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Major Automakers Undermine Climate Action, Ignoring Investors and Peers on Clean Vehicle Standards

Published 10-30-19

Submitted by Ceres

General Motors, Toyota and Fiat Chrysler announced last night that they, together with the Association of Global Automakers, would side with President Trump in his effort to remove the authority of California and other states to set clean vehicle standards, an effort Ceres’ Senior Director of Transportation Carol Lee Rawn says “will subject much of the U.S. auto sector to years of regulatory risk and uncertainty, undermines future global competitiveness, and deprives Americans of cleaner and more affordable cars.”

The decision to oppose the authority of California, which has long spurred the development of cleaner and more affordable vehicles, and other states contradicts the automakers’ stated commitment to climate action and effectively supports a scenario both General Motors and Toyota themselves said would create “untenable” instability in the U.S. auto sector in a June letter from automakers to the Trump administration. The decision also flies in the face of investors with more than $1.1 trillion assets under management who recently urged General Motors to join the compromise agreement with California in order to avoid such instability and enhance the sector’s global competitiveness - as the Trump Administration’s efforts to revoke California’s waiver will lead to years of regulatory uncertainty and litigation.

New York City Comptroller Scott Stringer said, “In New York City, we know that a sustainable planet and a secure retirement go hand-in-hand. I am deeply concerned that General Motors, Toyota and Fiat Chrysler decided to help President Trump drag the auto industry backwards while the rest of the world speeds ahead on climate. The stubborn refusal of General Motors and others to stop lobbying against climate action is inconsistent with their companies’ need to transition to a low carbon economy for the good of the planet and the good of investors.”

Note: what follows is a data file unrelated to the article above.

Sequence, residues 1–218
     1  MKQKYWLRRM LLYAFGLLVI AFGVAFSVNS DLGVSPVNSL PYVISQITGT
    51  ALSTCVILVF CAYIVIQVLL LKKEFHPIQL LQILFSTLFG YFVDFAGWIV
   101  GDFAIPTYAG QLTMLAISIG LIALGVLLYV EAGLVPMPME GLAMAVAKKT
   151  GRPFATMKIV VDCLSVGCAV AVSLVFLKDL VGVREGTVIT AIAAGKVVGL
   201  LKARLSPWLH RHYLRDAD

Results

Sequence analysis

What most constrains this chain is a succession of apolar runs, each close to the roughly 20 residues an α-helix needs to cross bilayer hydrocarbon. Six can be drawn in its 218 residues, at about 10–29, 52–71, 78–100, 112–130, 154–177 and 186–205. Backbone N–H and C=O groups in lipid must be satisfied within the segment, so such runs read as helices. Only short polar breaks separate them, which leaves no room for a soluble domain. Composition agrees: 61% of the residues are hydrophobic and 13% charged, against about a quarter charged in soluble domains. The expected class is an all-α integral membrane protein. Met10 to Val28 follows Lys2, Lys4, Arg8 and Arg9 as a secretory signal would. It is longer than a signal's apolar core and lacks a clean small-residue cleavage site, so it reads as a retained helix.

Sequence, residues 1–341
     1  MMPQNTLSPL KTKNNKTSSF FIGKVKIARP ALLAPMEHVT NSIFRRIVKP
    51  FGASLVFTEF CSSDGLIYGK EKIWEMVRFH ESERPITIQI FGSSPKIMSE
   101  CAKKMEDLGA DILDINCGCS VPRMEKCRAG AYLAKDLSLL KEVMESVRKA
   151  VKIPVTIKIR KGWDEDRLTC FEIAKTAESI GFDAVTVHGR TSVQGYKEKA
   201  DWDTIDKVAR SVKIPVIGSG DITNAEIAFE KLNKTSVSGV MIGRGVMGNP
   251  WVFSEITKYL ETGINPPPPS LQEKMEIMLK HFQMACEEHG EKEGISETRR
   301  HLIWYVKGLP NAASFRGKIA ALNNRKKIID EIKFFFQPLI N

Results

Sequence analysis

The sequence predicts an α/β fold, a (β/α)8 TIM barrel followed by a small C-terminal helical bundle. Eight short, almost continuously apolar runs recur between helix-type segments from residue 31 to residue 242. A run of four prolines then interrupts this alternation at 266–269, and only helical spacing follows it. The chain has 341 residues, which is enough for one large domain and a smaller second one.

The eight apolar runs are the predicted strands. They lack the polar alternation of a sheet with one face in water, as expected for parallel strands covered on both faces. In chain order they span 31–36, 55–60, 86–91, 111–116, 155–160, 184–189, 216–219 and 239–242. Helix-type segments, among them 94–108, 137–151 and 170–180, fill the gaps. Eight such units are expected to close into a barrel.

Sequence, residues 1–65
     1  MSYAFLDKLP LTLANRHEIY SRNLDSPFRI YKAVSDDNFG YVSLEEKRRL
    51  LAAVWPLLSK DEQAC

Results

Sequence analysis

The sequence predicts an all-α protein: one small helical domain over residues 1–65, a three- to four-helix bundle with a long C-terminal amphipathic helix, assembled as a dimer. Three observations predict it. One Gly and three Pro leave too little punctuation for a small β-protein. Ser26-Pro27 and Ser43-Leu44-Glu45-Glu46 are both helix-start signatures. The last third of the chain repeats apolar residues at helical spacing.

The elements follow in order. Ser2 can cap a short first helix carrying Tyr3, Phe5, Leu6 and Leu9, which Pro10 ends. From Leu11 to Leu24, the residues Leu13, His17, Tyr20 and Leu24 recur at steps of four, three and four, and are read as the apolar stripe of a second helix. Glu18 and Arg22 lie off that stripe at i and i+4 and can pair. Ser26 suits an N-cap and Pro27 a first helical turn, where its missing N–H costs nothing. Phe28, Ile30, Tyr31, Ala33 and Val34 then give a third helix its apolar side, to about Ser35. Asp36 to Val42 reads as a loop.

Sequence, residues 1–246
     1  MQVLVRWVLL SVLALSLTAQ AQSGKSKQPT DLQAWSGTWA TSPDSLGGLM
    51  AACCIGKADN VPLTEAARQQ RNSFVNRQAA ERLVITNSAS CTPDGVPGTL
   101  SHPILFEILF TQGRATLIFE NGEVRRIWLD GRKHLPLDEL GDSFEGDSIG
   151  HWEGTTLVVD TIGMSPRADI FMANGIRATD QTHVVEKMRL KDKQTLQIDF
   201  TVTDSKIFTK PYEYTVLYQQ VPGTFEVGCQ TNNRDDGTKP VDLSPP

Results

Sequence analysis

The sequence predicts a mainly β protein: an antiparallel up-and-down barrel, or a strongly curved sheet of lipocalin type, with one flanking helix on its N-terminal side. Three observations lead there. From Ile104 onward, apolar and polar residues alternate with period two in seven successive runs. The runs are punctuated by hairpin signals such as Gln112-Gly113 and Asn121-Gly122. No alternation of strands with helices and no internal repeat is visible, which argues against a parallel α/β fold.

The automakers’ decision puts them squarely in opposition to states and a host of other stakeholders, including industry, health, consumer and environmental groups. Fifteen states, representing approximately 40% of the U.S. auto market, have adopted or plan to adopt the California standards, and twenty-two states have joined California in a lawsuit defending its authority. Recognizing the benefits of cleaner and more affordable cars for their customers, as well as regulatory certainty for the industry, Ford, BMW, Honda, and Volkswagen joined a compromise solution with California, which effectively provides one national standard. By breaking with their peers, General Motors, Fiat Chrysler, and Toyota, along with the Association of Global Automakers, undermine their fellow automakers’ efforts to align with the country’s climate goals and to ensure clean air and fuel cost savings for the American public. 

Rawn added:

"We urge these automakers to reverse course. Strong clean vehicle standards are absolutely necessary to help us meet the climate targets these automakers have long claimed to support. General Motors, Toyota, Fiat Chrysler, and the Association of Global Automakers have chosen a path that will undermine our ability to meet climate targets and that will put them at significant regulatory, legal and competitive risk. If they genuinely want a uniform standard and a compromise solution, they should join Ford, Honda, Volkswagen, and BMW in the compromise agreement with California.”

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Ceres is a sustainability nonprofit organization working with the most influential investors and companies to build leadership and drive solutions throughout the economy. Through powerful networks and advocacy, Ceres tackles the world’s biggest sustainability challenges, including climate change, water scarcity and pollution, and human rights abuses.

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